Sen. Mary Landrieu, D-La., said Tuesday that she would continue to put pressure on the administration to speed up its review of the Keystone XL pipeline.
“I intend to see if we can push forward the approval of the Keystone pipeline,” Landrieu told reporters after a meeting the senator held with Premier Alison Redford of Alberta, Canada, to discuss a way forward on the pipeline, which, if built, would bring crude from Alberta’s oil sands to Gulf Coast refineries.
“The ball is in our court and I hope the United States will make a decision,” Landrieu said. “So I’m going to be calling over to the State Department, pushing the State Department. While the premier can’t do that, members of Congress most certainly can.”
State is currently working to complete an environmental-impact assessment of the project. Once that report has been released, President Obama has final authority to approve or reject the proposal, but that hasn’t stopped members of Congress from weighing in on the decision.
“The Keystone pipeline should have been approved years ago,” Landrieu said, forcefully. “It needs to be approved as soon as possible.”
Environmental groups say the pipeline would hasten oil-sands extraction and increase greenhouse-gas emissions.
Landrieu pushed back against such claims, however, arguing that transporting oil via a pipeline would be better for the environment, and safer, than shipment by rail.
“Right now we’re putting this oil in trains. It’s more dangerous to the atmosphere, causing more greenhouse gases, and much more dangerous to people,” she said, adding: “I don’t really understand the environmental arguments at all relative to this.”
The president has said he will only approve the project if it does not substantially add to atmospheric levels of carbon dioxide.
During her trip to Washington, Redford also met with House Energy and Commerce Committee Chairman Rep. Fred Upton, R-Mich., and Rep. Lee Terry, R-Neb., as well as Kerri-Ann Jones, the assistant secretary of State for oceans and international environmental and scientific affairs .
What We're Following See More »
"Even if House Republicans manage to get enough members of their party on board with the latest version of their health care bill, they will face another battle in the Senate: whether the bill complies with the chamber’s arcane ... Byrd rule, which stipulates all provisions in a reconciliation bill must affect federal spending and revenues in a way that is not merely incidental." Democrats should have the advantage in that fight, "unless the Senate pulls another 'nuclear option.'”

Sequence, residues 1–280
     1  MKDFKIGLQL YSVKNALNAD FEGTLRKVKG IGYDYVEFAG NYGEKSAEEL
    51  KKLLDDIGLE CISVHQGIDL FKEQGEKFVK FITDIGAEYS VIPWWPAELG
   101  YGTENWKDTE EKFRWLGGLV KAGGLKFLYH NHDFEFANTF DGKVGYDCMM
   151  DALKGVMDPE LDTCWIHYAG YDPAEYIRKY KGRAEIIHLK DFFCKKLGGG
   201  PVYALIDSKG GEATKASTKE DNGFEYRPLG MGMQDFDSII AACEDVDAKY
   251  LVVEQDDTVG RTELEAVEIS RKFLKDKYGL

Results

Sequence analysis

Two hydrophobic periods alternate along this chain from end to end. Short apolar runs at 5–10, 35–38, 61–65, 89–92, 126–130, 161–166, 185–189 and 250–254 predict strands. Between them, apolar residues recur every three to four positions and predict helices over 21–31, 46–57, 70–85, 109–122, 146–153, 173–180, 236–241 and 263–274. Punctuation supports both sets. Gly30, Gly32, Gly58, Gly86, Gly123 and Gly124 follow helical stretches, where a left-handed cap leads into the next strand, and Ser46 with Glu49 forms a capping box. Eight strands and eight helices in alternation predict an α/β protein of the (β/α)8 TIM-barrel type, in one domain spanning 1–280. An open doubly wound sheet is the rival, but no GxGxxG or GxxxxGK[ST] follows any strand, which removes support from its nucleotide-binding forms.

The House has passed a one-week spending bill that will avert a government shutdown which was set to begin at midnight. Lawmakers now have an extra week to come to a longer agreement which is expected to fund the government through the end of the fiscal year in September. The legislation now goes to the Senate, where it is expected to pass before President Trump signs it.
President Trump’s portrayal of an effort to funnel more Medicaid dollars to Puerto Rico as a "bailout" is complicating negotiations over a continuing resolution on the budget. "House Democrats are now requiring such assistance as a condition for supporting the continuing resolution," a position that the GOP leadership is amenable to. "But Mr. Trump’s apparent skepticism aligns him with conservative House Republicans inclined to view its request as a bailout, leaving the deal a narrow path to passage in Congress."
Democrats in the House are threatening to shut down the government if Republicans expedite a vote on a bill to repeal and replace Obamacare, said Democratic House Whip Steny Hoyer Thursday. Lawmakers have introduced a one-week spending bill to give themselves an extra week to reach a long-term funding deal, which seemed poised to pass easily. However, the White House is pressuring House Republicans to take a vote on their Obamacare replacement Friday to give Trump a legislative victory, though it is still not clear that they have the necessary votes to pass the health care bill. This could go down to the wire.